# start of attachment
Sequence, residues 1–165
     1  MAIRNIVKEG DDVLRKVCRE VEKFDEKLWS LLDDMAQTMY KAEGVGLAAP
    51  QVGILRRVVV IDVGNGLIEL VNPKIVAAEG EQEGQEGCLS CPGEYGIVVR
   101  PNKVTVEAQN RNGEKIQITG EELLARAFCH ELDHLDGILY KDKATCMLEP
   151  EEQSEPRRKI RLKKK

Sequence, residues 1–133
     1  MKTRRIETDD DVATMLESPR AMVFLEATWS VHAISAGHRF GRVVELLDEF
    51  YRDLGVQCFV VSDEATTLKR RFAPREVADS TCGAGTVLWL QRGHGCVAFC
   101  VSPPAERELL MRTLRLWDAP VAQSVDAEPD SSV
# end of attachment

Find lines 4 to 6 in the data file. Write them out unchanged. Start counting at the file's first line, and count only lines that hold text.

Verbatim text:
   101  PNKVTVEAQN RNGEKIQITG EELLARAFCH ELDHLDGILY KDKATCMLEP
   151  EEQSEPRRKI RLKKK

Sequence, residues 1–133